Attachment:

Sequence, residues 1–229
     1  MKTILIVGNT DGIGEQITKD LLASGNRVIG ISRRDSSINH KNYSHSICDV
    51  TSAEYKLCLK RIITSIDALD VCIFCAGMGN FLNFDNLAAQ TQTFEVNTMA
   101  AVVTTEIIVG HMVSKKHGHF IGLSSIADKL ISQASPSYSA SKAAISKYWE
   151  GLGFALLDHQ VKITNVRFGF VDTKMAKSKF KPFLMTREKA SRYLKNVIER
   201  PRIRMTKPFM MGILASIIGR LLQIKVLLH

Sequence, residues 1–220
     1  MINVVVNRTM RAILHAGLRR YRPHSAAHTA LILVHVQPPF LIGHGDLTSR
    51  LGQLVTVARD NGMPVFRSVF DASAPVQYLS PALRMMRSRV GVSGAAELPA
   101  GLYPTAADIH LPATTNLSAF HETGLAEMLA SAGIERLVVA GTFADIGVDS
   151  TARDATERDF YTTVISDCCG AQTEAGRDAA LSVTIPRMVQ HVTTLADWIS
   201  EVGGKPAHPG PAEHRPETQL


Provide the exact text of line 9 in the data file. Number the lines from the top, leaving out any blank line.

    51  LGQLVTVARD NGMPVFRSVF DASAPVQYLS PALRMMRSRV GVSGAAELPA